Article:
Blanford's Fruit Bat (Sphaerias blanfordi)
FA = 52.14, TL = none, EL = 18.58, HD = 27.56, TB = 20.25, WT = 31.00, HB = 78.63, HF = 11.23, D5 = 69.36; 1 sample. An immature (B0777) had a forearm length exceeding the range recorded by Lekagul and McNeely (1977). All other adult, sub adult and immature were within range of external measurements given by Lekagul and McNeely (1977).
The basic colour is dull, greyish brown above and light paler, underneath. The inter femoral membrane is the least developed amongst cynopterine fruit bats, extending along the femur and upper parts of the tibia, with no calcar; the membrane is covered with soft, fine, dense hair. The ears are dark and hairless, with the anterior margin edged in white, as in Cynopterus The nostrils are situated well back from the mouth, with the lower jaw slightly underslung.The skull is less heavily built than in Cynopterus, with very slight post orbital processes and a weak zygomatic arch; there is no postorbital foramina. The incisors are close together, robust, and have triangular pointed crowns; the incisors tooth rows are slightly curved, with both upper and lower incisors situated entirely in front of a line connecting the canines. The canines have no secondary cusps and are slanted outwards. Anderson (19120 suggests that because of the unique shape and position of the incisors. these teeth must be used differently than in other Cynopterus forms.
This species ranges from northern South Asia, into southern
China and Northern parts of Southeast Asia. In South Asia, this species is
presently known from Bhutan (Ganghlakha), India (Arunachal Pradesh, Mizoram,
Uttar Pradesh and West Bengal) and Nepal (Eastern Nepal) (Molur et al. 2002). In
China it is present in southern Xixang and eastern Yunnan. In Southeast Asia,
there are records from Myanmar, Northern Thailand
and Vietnam. It has been
recorded from 308 to 2,710 m asl.
Bhutan; China; India; Myanmar; Nepal; Thailand; Vietnam
In South Asia, although it is widespread, it is not a common
species (Molur et al. 2002). In China, the species is little known, but is
believed to be most common in lower montane forests. It is uncommonly
encountered in Southeast Asia.
Population Trend: Unknown
Blanford's Fruit Bat (Sphaerias blanfordi) is a mountain species of megabat. The only recording of it was from the Doi Suthep-Pui National Park in Chiengmai, Thailand. According to Lekagul and McNeely (1977), the species is confined to the Thai-Burmese border, Uttar Pradesh in India and Eastern Nepal.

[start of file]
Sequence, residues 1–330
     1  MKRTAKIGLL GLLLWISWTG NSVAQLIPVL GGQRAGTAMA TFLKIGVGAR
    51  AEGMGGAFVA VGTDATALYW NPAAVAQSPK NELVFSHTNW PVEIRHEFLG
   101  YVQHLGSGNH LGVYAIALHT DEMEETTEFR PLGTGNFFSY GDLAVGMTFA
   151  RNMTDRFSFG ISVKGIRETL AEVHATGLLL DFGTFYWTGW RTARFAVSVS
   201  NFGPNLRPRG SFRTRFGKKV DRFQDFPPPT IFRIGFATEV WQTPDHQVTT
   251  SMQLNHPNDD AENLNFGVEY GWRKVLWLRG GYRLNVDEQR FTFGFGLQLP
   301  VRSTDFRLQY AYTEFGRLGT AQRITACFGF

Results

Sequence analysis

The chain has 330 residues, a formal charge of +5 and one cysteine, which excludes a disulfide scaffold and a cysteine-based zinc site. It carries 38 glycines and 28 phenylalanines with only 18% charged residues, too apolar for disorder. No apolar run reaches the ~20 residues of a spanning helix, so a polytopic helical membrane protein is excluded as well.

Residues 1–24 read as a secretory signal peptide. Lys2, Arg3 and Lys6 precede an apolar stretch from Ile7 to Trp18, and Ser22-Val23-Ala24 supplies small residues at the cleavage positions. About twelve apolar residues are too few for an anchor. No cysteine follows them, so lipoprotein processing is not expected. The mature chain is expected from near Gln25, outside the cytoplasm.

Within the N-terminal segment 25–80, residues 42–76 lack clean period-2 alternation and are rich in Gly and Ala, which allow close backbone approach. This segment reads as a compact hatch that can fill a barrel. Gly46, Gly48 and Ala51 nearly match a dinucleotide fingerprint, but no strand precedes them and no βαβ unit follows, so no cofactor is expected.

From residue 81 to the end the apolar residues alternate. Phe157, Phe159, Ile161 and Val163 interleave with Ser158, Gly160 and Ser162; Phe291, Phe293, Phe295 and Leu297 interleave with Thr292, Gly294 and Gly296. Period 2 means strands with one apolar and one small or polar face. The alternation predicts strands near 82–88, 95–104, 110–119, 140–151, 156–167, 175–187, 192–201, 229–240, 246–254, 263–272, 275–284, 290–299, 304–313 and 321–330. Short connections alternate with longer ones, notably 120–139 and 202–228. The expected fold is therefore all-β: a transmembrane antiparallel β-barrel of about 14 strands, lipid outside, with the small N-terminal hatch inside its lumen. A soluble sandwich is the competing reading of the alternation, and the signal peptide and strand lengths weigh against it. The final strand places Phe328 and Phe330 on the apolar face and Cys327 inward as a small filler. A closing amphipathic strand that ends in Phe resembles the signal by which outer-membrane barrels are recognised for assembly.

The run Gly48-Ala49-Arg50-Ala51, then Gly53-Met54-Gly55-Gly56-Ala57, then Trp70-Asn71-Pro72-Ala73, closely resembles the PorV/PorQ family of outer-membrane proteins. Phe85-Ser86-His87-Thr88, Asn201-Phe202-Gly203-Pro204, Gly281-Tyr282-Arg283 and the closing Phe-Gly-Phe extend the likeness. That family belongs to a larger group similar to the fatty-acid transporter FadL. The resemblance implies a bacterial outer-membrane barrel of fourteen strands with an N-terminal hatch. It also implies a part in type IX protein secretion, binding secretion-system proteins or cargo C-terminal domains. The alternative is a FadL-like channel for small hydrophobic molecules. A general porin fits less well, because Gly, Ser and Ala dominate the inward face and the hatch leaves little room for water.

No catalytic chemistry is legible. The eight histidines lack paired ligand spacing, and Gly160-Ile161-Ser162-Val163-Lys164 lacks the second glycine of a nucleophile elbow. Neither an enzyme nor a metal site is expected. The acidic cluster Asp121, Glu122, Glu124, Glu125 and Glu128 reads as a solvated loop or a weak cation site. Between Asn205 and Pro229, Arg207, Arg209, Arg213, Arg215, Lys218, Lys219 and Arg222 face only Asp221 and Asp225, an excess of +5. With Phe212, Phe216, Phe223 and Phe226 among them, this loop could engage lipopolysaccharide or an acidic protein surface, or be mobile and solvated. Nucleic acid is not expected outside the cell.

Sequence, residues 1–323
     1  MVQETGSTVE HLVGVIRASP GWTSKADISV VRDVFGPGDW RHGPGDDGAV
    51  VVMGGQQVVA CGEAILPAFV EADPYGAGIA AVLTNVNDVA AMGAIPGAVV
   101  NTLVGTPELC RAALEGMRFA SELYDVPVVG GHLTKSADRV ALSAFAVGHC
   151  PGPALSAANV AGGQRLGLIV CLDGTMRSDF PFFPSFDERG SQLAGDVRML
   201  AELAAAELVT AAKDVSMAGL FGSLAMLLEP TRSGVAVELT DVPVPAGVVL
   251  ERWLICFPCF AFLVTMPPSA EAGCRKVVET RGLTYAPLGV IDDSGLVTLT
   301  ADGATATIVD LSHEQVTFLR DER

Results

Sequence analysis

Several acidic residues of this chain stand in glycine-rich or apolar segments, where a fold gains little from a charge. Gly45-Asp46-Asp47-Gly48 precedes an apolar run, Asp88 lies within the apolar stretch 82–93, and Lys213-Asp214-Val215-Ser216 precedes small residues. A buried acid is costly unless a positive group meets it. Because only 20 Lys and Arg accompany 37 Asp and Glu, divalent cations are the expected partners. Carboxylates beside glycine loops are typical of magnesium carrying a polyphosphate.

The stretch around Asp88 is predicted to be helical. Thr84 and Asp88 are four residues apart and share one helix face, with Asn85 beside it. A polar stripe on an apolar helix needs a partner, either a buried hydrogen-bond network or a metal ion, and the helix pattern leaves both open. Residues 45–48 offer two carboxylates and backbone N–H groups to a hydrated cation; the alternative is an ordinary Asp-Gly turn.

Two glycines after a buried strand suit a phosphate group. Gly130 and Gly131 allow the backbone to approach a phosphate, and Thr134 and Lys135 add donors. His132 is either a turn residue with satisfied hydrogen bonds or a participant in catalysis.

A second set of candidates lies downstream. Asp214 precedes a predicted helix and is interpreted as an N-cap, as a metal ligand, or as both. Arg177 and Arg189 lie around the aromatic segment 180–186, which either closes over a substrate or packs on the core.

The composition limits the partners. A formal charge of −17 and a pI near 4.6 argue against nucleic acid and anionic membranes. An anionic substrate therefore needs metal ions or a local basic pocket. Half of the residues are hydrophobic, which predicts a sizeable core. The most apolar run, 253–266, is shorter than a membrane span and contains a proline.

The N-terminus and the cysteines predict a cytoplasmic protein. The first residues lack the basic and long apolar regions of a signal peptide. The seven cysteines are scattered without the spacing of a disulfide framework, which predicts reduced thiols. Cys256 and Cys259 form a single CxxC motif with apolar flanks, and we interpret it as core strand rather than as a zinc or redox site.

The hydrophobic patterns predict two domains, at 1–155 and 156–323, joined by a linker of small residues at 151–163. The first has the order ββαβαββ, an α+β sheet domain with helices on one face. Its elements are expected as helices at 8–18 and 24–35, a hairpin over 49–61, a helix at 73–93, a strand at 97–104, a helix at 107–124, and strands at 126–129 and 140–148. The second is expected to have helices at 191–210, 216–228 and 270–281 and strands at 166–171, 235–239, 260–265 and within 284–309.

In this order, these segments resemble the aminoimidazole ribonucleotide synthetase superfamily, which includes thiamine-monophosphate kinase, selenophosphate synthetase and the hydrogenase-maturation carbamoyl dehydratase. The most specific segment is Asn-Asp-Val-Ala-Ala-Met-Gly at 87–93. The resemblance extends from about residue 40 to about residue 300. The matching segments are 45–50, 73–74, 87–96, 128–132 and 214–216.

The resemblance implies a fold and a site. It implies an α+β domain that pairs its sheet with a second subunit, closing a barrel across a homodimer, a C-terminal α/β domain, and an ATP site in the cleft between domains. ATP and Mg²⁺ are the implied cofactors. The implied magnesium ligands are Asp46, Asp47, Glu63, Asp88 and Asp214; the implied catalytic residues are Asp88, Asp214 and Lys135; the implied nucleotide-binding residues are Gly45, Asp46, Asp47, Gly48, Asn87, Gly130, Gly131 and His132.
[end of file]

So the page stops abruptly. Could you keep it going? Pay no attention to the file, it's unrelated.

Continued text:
Biology and ecology
A male and three female S. blanfordi were netted in a secondary habitat at 1020 m elevation. In May 1997, an adult female was lactating, two immature female fledglings and a sub adult were observed at Doi Suthep. The bats were found in the nets the morning, presumably caught between the last net check at midnight and dawn. All S. blanfordi were caught approximately 0.8 m to 1.5 m above the ground. One site had about 50% canopy cover, relatively dense undergrowth with saplings and the net was set across a fire break on a slope. The other catching site had about 90% canopy cover, relatively sparse undergrowth with some seedlings, ginger and Pandanus plants. The net was set between two clumps of banana plants on a slope. During the survey, the night temperature was cool (approximately 20oC) and misty around daybreak. There is little ecological information recorded for this species (Lekagul and McNeely 1977).Little has been recorded about the habitat or ecology of this species other that it is known to inhabit bamboo forests (Molur et al. 2002).
In South Asia, this species is threatened by habitat loss
largely through commercial harvest of bamboo (Molur et al. 2002). There appear
to be no major threats to the species in Southeast Asia. In China, the threats
to this species are unclear although it may be threatened by ongoing habitat
In South Asia, it is considered to be vermin under Schedule V of the Indian Wildlife (Protection) Act. It has been recorded from protected areas in India like Namdapha National Park in Assam, Phambong Lho Wildlife Sanctuary in Sikkim. In Southeast Asia it has been recorded from a number of protected areas. In South Asia, field surveys, population monitoring, habitat management and public awareness initiatives are immediate recommendations (Molur et al. 2002).]